Interview | Jeff Bridges Explains How To Annoy Jeff Bridges
To start with, I spent part of my day explaining to Hell or High Water star Jeff Bridges how to correctly pronounce the name of the Superman villain “Mr. Mxyzptlk.” We were sitting across from each other on the patio of a posh Los Angeles hotel, and he was wondering about my Spider-Man t-shirt, and I got to talking about why I fell in love with a neurotic superhero, and he started equating Spider-Man’s psychological crisis to that of Jesus in Nikos Kazantzakis’ novel The Last Temptation of Christ, and it took me a while to realize that we hadn’t talked about Hell or High Water yet and that was literally the reason why I was there.
So let’s skip the pitter-patter and get to the meat, our talk about the new crime drama, about a pair of brothers (played by Chris Pine and Ben Foster) who set out the rob the bank that’s driving them bankrupt. Jeff Bridges plays the grizzled detective on their trail, and Gil Birmingham plays his partner, who is also the brunt of the detective’s many off-color, racist jokes. It’s an acclaimed drama about hard economic times, and it’s now available on DVD, Blu-ray and VOD.
Without any further ado, here I am with Jeff Bridges, who will also explain exactly the right way to annoy him (it worked for his brother Beau!).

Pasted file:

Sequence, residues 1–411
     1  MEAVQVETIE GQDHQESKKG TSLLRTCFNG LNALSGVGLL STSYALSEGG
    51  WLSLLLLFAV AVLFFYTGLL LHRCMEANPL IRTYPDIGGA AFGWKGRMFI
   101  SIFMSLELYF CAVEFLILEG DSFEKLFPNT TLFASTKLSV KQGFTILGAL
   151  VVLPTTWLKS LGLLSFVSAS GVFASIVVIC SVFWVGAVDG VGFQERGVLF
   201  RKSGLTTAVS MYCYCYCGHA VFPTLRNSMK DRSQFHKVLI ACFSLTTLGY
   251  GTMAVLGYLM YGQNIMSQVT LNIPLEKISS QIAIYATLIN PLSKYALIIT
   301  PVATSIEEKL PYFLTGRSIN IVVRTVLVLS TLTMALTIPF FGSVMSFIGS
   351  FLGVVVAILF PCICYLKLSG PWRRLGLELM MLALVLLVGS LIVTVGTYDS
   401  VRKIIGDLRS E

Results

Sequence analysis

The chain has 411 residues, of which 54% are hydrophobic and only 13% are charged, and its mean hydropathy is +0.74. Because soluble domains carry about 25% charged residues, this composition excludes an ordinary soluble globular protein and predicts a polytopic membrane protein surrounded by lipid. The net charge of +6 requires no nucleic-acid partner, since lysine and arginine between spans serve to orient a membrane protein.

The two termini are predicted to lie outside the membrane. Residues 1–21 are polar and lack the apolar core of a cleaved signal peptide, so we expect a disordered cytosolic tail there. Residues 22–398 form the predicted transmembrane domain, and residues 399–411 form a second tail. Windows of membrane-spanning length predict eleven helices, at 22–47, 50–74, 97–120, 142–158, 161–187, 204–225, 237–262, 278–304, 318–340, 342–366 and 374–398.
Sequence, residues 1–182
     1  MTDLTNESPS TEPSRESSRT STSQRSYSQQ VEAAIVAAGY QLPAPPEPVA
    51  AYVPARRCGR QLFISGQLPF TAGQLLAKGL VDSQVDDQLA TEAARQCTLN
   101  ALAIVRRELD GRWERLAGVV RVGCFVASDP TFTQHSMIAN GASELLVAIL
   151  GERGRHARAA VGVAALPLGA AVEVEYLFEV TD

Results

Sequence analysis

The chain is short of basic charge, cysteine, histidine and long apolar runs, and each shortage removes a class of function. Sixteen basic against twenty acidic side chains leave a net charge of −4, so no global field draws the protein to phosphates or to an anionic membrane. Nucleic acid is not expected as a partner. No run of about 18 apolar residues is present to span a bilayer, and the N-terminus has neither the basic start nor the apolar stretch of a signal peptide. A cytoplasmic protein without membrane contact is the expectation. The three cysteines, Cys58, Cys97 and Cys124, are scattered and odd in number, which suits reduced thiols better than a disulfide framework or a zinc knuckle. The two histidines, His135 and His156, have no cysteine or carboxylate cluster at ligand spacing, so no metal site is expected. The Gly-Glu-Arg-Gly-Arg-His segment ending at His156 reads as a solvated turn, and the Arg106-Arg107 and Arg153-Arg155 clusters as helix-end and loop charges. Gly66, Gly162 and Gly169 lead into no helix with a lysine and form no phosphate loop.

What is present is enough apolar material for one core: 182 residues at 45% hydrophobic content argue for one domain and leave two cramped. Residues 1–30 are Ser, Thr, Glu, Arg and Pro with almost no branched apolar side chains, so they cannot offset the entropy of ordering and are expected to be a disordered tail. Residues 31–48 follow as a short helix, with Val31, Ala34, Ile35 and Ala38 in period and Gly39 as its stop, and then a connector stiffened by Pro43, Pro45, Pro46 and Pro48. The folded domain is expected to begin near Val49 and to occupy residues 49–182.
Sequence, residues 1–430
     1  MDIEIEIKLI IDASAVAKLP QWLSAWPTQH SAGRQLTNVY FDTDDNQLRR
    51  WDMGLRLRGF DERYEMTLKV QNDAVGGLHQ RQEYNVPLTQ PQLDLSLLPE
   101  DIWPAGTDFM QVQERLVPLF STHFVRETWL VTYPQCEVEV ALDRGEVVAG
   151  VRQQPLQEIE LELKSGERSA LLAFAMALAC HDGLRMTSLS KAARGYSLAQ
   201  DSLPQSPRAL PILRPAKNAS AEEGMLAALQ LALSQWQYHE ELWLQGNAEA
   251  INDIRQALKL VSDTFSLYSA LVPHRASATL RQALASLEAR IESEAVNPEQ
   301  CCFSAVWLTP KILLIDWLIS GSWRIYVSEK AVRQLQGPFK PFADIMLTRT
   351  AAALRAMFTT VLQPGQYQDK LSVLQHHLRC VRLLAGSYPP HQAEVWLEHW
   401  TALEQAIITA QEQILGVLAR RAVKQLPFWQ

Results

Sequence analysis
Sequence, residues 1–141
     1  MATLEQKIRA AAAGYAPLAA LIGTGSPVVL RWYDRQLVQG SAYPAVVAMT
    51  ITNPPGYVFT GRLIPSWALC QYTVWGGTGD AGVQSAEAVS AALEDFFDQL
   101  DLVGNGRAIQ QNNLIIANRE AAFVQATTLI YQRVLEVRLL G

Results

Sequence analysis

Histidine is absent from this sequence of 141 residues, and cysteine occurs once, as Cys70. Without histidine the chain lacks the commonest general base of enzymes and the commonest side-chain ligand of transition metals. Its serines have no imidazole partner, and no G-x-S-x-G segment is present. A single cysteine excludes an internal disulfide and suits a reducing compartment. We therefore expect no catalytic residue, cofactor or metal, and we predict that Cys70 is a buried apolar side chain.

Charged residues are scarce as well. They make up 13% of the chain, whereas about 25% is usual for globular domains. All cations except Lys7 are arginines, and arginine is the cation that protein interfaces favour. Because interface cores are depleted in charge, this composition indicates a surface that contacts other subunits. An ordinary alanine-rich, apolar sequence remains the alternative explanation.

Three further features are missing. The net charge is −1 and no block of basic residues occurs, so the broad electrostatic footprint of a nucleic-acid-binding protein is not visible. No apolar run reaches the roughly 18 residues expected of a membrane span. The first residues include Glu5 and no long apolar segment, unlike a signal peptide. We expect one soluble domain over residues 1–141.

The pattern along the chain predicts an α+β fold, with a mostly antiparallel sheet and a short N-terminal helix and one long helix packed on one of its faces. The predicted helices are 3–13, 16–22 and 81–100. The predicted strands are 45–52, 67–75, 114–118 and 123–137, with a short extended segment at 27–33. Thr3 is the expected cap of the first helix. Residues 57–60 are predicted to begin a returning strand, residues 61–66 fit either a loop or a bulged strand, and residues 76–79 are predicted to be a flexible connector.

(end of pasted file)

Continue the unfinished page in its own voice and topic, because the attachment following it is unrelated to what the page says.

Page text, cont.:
Crave: What do you look for in a role nowadays? You’ve got your Oscar, you’ve got many classic films to your credit. Do you get to pick and choose, still? What do you look for?
Jeff Bridges: I don’t really look for anything. A lot of my energy is spent in resisting what’s coming my way. I don’t have as many of those aspirations. Well, I’ve got a few aspirations, a few fantasies, but I’ve noticed I don’t pursue them as vigorously as I might. But I spend a lot of energy pushing projects away because I know what it costs. For one thing, once you agree to do this thing, the other thing – you don’t even know what it is yet – you won’t have the opportunity to do it because you’re doing something else. So what I end up doing is that thing I can’t resist. There’s something, an element of it that just draws me in.
What drew you in about Hell or High Water?
Well this one, I read the script. Taylor Sheridan’s script was so authentic. It felt like this writer really knew, really knew what he was talking about. And the ambiguity, you know, the blurring of right and wrong, and who’s right. Of course it’s wrong to rob a bank, but is it right for banks to loan money to people they know can’t pay it back, and that then they’ll be able to get their land?
It seems like every generation or two we update our Robin Hood myth to justify stealing from the rich, and giving to… if not “the poor,” then to ourselves, because we are the poor. Is that part of the appeal, that theme?
You know, nowadays when we’re talking about the movie, I’m so glad that it’s being well-received, and a lot of people are saying that it’s being well-received because it’s a movie of these times. But as I look back, it’s sort of how we roll as a species, from as far back as we can go. This idea of selfishness, and making sure that my family, or my ideas, my party is the one that got what it needs to survive.